Sunday, October 3, 2010

Design, Even in a Toothpaste Tube

This is one of my sillier endeavors but I think it will make sense to those other like-minded engineers/designers out there.

So, I have a pet peeve: wasting toothpaste at the end of the life of the tube. It bugs me when there's something leftover in any type of container for that matter. But I deal with toothpaste on a daily basis so it is a perpetual nuisance. The solid exoskeleton toothpaste containers seem like they're even worse than the soft tubes that you could squeeze or roll until you're blue in the face.

A couple of days ago I was getting to the end of another solid tube and the frustration got to the point that I had to take it apart just to see how much I was wasting. So I got my exacto and tore into it. To my surprise there was only a small glob of toothpaste at the very tip, only a single toothbrushing-worth.

It had felt like much more than that, not to mention I didn't know how it was possible to have that little in the rest of the foil-like sack. I was about to chock it up to "who knows" when I noticed something on the base.

That's right, whoever designed this achieved a one-way valve with a tiny piece of plastic and a heat-weld with a couple small interruptions for air to pass in only one direction. That allowed it to squeeze as much as possible out of the toothpaste sack. Something so cheap and simple yet innovative to solve man's toothpaste dispensing needs. It's the small things in life :).

Refrigerator Compressor Repair

This Alabamian gave me a non-working wine cooler mini-fridge, half out of generosity because I might be able to fix and use it, half out of wanting to get rid of it :-).

Regardless, I've had this fridge sitting in the middle of my apartment now for the better part of a month. It haunts me every time I walk by it. Sitting there... not working... taking up space. I finally had time this weekend to troubleshoot it.

After plugging it in,the compressor would hum for 15-20 seconds and then there would be a click and it would be silent for about two and half minutes. Then it would click and the cycle would repeat itself. I let this go on for about 15 minutes while I monitored the temperature inside the fridge. There was no change inside but the compressor was almost too hot to touch. So began the troubleshooting.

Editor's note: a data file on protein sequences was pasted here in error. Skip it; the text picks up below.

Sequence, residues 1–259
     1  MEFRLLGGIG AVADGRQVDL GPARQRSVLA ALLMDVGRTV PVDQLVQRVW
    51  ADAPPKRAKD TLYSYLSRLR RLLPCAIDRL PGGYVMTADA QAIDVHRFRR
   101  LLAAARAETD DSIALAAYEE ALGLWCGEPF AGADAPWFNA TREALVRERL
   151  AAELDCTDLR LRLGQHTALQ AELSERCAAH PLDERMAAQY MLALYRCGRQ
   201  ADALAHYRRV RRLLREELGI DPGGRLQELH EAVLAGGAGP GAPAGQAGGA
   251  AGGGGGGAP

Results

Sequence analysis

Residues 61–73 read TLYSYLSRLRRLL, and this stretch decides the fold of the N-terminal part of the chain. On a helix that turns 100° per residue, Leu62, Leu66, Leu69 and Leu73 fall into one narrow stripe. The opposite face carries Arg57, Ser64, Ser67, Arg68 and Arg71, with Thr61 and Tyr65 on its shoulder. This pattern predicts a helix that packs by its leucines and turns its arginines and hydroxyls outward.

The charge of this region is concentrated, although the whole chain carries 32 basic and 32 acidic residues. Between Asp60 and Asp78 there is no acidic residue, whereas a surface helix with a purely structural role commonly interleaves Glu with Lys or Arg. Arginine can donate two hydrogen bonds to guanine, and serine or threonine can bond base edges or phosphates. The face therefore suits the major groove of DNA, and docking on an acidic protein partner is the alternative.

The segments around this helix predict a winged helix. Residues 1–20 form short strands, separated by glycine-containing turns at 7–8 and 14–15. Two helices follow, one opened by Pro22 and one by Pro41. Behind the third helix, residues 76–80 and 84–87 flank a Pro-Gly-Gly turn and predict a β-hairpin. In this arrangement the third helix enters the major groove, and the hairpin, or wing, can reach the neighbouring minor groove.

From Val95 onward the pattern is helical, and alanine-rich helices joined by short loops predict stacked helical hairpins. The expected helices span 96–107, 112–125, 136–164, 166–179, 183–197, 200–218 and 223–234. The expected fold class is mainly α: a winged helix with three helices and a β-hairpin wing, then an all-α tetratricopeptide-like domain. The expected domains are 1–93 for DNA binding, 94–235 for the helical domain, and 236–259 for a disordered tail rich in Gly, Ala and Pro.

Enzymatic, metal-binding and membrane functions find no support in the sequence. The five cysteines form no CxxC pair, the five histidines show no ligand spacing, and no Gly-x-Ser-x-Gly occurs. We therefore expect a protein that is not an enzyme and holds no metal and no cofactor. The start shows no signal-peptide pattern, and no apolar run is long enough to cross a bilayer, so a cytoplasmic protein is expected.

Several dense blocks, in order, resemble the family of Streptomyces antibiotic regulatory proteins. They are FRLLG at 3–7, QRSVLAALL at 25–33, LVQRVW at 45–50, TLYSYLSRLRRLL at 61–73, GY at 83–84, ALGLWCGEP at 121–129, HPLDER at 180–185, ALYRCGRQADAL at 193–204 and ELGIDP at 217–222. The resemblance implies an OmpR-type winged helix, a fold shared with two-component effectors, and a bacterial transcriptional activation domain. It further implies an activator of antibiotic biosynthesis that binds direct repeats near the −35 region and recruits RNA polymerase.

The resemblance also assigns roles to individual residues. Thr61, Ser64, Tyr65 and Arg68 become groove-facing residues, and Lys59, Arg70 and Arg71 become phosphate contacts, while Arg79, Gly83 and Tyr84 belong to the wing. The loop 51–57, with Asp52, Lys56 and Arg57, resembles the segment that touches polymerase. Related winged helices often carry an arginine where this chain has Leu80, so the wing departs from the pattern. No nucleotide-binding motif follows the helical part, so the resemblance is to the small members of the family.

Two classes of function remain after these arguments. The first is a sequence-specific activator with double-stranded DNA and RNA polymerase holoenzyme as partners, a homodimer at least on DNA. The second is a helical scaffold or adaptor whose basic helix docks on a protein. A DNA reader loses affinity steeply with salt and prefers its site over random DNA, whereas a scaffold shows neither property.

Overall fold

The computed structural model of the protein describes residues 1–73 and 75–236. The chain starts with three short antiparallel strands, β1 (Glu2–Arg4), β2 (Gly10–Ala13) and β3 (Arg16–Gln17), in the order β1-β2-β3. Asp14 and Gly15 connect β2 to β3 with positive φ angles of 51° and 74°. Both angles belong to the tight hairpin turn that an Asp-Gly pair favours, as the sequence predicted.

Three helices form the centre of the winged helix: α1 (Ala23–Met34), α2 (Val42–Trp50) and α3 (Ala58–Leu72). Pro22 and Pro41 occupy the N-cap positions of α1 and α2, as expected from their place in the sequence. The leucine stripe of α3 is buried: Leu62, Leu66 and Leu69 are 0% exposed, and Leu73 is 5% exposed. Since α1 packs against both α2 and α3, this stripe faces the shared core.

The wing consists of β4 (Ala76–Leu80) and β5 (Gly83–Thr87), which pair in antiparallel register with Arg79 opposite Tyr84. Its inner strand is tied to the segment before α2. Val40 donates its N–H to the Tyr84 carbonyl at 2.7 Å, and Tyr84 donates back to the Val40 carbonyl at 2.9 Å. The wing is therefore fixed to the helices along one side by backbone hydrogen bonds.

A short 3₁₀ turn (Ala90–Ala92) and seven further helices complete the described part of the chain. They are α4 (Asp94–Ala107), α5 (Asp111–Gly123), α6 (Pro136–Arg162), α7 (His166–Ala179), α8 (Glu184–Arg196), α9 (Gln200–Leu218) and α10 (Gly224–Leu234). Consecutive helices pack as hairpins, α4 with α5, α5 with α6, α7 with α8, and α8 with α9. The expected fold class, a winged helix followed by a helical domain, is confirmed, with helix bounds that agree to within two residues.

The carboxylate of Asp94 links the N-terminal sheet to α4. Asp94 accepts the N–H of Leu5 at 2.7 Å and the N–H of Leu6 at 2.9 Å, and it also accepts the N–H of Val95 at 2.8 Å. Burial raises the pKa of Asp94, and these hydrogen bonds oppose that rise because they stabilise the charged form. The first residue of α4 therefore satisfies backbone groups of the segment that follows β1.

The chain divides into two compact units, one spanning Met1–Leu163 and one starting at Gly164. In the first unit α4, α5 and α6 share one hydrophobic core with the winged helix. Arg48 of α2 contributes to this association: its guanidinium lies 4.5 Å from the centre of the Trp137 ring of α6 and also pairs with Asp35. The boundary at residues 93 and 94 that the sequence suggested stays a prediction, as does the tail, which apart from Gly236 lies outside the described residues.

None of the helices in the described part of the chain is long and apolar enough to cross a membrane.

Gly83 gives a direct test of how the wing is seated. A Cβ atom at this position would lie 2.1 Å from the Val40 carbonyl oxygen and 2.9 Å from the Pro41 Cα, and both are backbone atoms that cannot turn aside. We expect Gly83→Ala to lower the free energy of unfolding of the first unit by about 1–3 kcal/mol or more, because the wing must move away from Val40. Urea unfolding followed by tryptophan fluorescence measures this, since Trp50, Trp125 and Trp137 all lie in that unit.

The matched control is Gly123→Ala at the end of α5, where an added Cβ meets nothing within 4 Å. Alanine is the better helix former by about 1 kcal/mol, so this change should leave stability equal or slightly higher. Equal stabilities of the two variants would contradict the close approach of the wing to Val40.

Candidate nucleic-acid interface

I took off the condenser (panel of tubes on the back), removed the thermostat housing and finally pulled out the compressor.

I had to bend some of the brass tubes in the process, being careful not to kink them. All that was let was to pull off a cover exposing the relay and circuitry for the compressor.

The first step was to bypass the thermostat, sending an "always on" to the compressor to eliminate that as a potential problem. Here is the thermostat with the dial and cover removed.


Making sure to not touch any of the exposed contacts I plugged it in again. Same result, so I did a little Google searching and found a convenient How to Test a Refrigerator Compressor article. The takaway from that and a few other forums with posters with similar symptoms was that its either a bad relay, overload protector or compressor. If the compressor is gone then I'm hosed so I decided to check the relay and overload protector.

The overload protector is the small black plastic housing attached to two terminals protruding from the compressor housing. (P6R8MC OR0510, just in case someone searches) The common wire attaches to the overload protector. After taking it off this is that it looks like.

Now after removing the metal securing strip and the cover.

You can see a strange white disc shape that separates the two sides.

As you can see, the two sides of the disc are in different condition. One looks like it has been shocked/burnt and the other is only slightly scratched. I think this disc acts as either a sort of discharge capacitor or a large overload resistor.

Either way, I decided to flip it and put it back in the overload protector. Voila! Whatever contact or circuit that is supposed to make wasn't being made on the destroyed side. Within 20 minutes the fridge was down to 40 degrees! Hopefully this will provide others with some DIY troubleshooting inspiration. And thanks to the Alabamian for the (now working) fridge!

Thursday, July 29, 2010

1992 Nissan Quest Alternator Rebuild

According to the fellow members of you can upgrade the Nissan Xterra alternator, which is a measly 85 amps to the 115 amp alternator from the Nissan Quest. (that's a 35% increase for your fellow stat lovers) Depending on which year in the 1989 to 1992 compatible date range, it can be a direct swap or require a minor amount of grinding to get it to fit.

The motivation behind this upgrade stems from the fact that I added a total of six (6) 55 watt Hella 500FF lights, four drivers for the roof rack, and two fogs for the bumper. When I turn on the roof rack lights the engine groans and changes pitch like it has to work twice as hard. When I eventually get some surround lighting or rock crawl lighting or a PA system I’ll tax the alternator even more. So I figure I might as well do this cheap upgrade.